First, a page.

The more we learn about the Tory-led government’s plans for the GIB, the more it can be deduced that ‘bank’ will perhaps be something of a misnomer. Dissenting voices are heard from the government’s own ranks, Chris Huhne correctly noting that without the capacity to issue bonds the GIB will be nothing more than a fund.
The energy secretary’s concerns are shared by the Environmental Audit Committee, who note that:
“…a bank would signify independence and permanence.”
Anything less will not.
The worst thing the government can do is to undermine the scope of the GIB in its formative stages. All signs at present point toward the GIB as a fleeting policy gimmick, attaching itself to the crest of a green wave, rather than any genuine engagement with the transition to a greener and more sustainable economy – and this should be surprising when we recall the original source of the GIB proposal.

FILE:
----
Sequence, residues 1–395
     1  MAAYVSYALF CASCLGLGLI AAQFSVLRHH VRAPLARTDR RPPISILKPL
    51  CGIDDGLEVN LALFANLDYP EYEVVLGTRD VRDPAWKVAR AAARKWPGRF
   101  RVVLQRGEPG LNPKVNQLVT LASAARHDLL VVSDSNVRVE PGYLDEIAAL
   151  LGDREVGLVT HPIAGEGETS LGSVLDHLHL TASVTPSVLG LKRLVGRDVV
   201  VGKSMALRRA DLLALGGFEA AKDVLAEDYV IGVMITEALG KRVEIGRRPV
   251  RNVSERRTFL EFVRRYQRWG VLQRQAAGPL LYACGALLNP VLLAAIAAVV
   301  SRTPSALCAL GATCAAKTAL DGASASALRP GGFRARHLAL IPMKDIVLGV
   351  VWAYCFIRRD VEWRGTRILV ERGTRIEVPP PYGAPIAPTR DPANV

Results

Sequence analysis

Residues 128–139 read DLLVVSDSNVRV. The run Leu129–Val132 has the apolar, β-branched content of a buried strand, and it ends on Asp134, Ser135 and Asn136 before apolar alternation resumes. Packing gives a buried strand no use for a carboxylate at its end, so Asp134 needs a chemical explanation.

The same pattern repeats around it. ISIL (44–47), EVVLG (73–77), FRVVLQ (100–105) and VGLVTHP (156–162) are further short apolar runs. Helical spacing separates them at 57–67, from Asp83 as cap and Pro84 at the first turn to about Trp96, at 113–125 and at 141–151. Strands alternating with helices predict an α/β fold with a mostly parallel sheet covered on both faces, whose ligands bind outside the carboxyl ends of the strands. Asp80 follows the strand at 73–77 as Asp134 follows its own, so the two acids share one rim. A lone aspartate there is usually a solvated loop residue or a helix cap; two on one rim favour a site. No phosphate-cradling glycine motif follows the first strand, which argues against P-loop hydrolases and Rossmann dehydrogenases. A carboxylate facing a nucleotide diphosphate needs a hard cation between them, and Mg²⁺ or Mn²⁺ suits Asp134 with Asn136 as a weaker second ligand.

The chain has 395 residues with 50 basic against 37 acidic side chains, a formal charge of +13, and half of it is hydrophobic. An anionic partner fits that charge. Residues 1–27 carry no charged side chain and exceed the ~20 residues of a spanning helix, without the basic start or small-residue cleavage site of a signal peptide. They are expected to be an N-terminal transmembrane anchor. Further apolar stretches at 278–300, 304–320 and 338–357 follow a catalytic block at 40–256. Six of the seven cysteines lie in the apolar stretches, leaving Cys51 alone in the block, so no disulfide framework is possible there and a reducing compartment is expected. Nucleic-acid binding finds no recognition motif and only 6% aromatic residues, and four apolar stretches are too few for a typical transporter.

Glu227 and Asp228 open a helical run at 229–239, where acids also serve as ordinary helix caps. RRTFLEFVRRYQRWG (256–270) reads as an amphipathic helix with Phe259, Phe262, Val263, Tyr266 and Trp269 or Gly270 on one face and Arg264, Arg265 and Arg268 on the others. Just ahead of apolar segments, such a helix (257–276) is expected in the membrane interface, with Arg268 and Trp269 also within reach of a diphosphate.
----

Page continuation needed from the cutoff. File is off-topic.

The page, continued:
In opposition, George Osborne called for the need to:
“…bring to an end the stale argument that we have to choose between economic growth and the environment.”
The UNEP report, in addition to the findings of Environmental Audit Committee, thoroughly dispels the myth that one has to be forsaken in favour of the other. in government, however, the chancellor seems all too keen to reinstate these dividing lines and dated misconceptions.
The announcement on the GIB in the Budget on Wednesday will serve as the first test of how seriously the government is embracing the transition to a green economy.